(Riemann) Integrability under composition of functions

by Mathmos6
Tags: composition, functions, integrability, riemann
Mathmos6 is offline
Mar25-09, 06:39 AM
P: 82
1. The problem statement, all variables and given/known data
I've been looking at how integrable functions behave under composition, and I know that if f and g are integrable, f(g(x)) is not necessarily integrable, but it -is- necessarily integrable if f is continuous, regardless of whether g is. So I was wondering, what about if g is continuous and f wasn't, rather than f was? Is there an example of a discontinuous integrable f and a continuous integrable g such that f(g(x)) is non-integrable?

I don't want an explicit proof of the answer, but I'd just like to know whether there is or isn't such an example, so I can begin looking for a counterexample or a proof as appropriate, rather than ending up trying to prove something which is false or look for a counterexample for something which is true. My intuition tells me there isn't a counterexample, but I've found relying on intuition in analysis is a very bad idea!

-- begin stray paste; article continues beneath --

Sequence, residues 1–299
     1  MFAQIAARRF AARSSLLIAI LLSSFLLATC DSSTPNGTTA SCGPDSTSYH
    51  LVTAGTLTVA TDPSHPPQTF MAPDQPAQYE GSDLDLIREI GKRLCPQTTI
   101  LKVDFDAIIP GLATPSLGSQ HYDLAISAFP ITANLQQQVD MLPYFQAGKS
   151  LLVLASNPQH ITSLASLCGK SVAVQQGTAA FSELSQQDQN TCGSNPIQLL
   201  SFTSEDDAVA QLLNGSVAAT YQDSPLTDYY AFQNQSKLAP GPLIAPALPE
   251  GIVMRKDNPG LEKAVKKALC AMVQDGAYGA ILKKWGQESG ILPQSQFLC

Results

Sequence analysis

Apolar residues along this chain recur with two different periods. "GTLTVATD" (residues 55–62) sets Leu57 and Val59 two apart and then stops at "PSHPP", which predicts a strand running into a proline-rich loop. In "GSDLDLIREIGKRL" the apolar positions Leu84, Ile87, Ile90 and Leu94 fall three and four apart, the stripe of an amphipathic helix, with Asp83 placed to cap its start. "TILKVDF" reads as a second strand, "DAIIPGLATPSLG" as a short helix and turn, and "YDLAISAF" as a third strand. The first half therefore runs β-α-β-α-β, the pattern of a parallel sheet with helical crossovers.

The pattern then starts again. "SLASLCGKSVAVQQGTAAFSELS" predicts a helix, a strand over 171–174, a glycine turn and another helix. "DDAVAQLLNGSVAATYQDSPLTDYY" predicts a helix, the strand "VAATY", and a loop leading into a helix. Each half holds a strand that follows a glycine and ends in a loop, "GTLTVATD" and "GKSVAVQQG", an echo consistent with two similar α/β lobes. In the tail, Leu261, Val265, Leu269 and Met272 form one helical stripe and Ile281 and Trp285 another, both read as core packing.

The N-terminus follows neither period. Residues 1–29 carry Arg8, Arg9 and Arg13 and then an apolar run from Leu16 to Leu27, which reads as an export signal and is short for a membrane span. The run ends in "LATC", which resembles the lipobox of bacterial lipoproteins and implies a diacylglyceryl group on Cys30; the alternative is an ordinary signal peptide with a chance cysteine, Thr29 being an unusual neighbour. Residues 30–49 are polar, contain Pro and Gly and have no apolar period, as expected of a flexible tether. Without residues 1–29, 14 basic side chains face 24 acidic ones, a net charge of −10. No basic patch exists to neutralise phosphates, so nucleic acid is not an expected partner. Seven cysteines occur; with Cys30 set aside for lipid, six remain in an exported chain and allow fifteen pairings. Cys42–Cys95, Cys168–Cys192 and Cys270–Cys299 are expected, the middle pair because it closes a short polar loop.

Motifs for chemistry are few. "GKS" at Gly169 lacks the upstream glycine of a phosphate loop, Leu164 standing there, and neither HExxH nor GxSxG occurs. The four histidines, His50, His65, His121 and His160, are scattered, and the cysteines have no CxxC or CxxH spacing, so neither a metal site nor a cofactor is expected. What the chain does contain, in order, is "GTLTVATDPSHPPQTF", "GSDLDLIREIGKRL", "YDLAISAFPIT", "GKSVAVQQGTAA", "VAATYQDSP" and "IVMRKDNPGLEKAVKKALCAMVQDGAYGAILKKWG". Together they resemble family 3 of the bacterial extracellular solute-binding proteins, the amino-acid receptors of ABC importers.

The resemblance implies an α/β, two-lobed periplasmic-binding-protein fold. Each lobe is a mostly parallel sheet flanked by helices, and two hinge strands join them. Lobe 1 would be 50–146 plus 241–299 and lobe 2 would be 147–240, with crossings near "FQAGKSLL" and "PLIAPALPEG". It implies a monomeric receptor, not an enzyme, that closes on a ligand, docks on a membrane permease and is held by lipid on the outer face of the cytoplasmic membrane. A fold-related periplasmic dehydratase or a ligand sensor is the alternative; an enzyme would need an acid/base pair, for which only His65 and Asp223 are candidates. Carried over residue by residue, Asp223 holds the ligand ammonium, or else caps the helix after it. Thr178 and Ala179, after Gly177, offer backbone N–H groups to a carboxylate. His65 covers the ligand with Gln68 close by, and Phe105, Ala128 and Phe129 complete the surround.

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Wretchosoft is offline
Mar25-09, 12:58 PM
P: 64
No, there is no counterexample, and the proof is relatively simple (aka don't try too hard.).

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